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A baby carrot is an immature carrot. Contrary to some beliefs, baby carrots are not cut from larger carrots but grow in the size they are sold. Confusion may be caused by similarly sized baby cut carrots, which are often marketed as "baby carrots" as well.
The immature roots of the carrot plant are sometimes harvested simply as the result of crop thinning, but are also grown to this size as a specialty crop. Certain cultivars of carrots have been bred to be used at the "baby" stage. One such cultivar is 'Amsterdam Forcing'. This process was developed at Beechnut Farms, bought by Zellwin Farms. These farms originally developed food for WWII, but wanted to sell food for civilians. A team of two led the research. From an interview, they were originally to be called "carettes". According to Dole, baby carrots are sweeter and more tender than full-grown carrots.
Taking fully grown carrots and cutting them to a smaller size was the idea of California farmer Mike Yurosek. Yurosek was unhappy at having to discard carrots because of slight rotting or imperfections, and looked for a way to reclaim what would otherwise be a waste product. He was able to acquire an industrial green bean cutter, which cut his carrots into two lengths, and by placing these lengths into a potato peeler, he created the original "baby-cut" carrot, branded "Bunny-Luv".
In 2006, nearly three-quarters of the fresh baby-cut carrots produced in the United States came from Bakersfield, California. Bolthouse Farms and Grimmway Farms are the world's two largest growers, processors, and shippers of baby-cut carrots. The Green Giant company, which resells carrots from Bolthouse Farms, markets their product as "baby-cut carrots".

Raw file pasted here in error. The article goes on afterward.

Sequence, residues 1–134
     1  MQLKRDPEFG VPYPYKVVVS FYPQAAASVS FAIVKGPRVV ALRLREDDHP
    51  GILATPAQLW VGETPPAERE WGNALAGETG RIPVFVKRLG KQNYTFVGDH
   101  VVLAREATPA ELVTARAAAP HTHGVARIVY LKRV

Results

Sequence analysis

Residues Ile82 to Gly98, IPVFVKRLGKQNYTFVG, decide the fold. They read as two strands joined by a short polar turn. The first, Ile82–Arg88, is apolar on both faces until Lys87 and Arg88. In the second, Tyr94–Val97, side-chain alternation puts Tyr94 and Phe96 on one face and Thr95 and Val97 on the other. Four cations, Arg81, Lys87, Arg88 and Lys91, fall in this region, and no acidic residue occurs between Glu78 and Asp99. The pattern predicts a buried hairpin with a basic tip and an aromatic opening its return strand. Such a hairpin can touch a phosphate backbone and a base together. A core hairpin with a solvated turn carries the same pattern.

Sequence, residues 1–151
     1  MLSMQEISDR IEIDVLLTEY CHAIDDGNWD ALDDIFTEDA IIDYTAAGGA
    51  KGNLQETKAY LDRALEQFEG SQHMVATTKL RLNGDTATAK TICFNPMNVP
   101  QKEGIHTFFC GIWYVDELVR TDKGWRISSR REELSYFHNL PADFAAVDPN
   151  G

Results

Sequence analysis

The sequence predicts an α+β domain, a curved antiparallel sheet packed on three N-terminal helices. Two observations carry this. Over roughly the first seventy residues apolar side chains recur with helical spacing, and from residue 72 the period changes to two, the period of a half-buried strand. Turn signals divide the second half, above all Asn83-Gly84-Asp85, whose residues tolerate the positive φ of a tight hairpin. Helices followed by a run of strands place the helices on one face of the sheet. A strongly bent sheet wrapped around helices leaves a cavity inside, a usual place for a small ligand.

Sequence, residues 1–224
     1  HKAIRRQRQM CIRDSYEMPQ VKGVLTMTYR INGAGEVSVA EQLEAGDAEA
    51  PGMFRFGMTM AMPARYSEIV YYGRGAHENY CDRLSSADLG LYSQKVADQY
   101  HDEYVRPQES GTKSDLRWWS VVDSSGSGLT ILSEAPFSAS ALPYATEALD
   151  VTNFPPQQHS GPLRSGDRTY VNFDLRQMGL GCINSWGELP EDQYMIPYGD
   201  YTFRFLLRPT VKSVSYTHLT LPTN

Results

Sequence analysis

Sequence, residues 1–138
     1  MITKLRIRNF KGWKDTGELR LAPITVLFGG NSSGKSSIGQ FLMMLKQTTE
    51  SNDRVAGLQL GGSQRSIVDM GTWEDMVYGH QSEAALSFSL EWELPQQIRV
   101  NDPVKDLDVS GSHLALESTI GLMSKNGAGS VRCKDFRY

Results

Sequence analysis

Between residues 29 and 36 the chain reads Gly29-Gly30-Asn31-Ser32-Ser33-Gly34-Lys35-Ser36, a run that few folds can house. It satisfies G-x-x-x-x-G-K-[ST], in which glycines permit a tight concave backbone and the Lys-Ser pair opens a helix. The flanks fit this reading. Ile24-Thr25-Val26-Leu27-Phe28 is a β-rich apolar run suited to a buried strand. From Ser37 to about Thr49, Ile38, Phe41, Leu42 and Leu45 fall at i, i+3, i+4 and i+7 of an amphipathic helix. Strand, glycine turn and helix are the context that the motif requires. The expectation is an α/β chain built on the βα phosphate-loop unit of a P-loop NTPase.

Generally, consumers can determine whether small carrots are true baby carrots or not by looking at what is listed on the packaging. Labels that say "baby carrots" appear on packages of very young carrots that are harvested while the vegetables are still quite tiny. Labels that proclaim "baby-cut carrots" appear on packages of petite carrots made by chopping down and polishing much larger versions of the vegetable.
"Baby-cuts" are part of a sharp upsurge in the carrot's popularity in the U.S. Between 1970 and 1986, Americans ate 6 pounds of carrots per person per year. However, American consumption of carrots began to take off in 1987, and by 2002 it had reached 11 pounds per person.
To make "baby-cuts," these large sweet carrots are machine cut into 2-inch sections, then abraded down to size, their ends rounded by the same process:
The white blush sometimes visible on the surface of cocktail carrots is caused by dehydration of the cut surface. Cocktail carrots are more prone to develop this because their entire surface area is a cut surface. Low-temperature, high-humidity storage can minimize the white appearance.
In September 2010 a marketing initiative was launched by a group of nearly 50 carrot producers led by Bolthouse Farms (calling themselves "A Bunch of Carrot Farmers") sought to promote baby-cut carrots as an alternative to “junk food”. The campaign mimicked tactics typically employed by snack food marketers, including snack-food-like packaging; futuristic, sexual, and extreme sports-themed TV commercials; carrot vending machines in schools; and an iPhone game and website.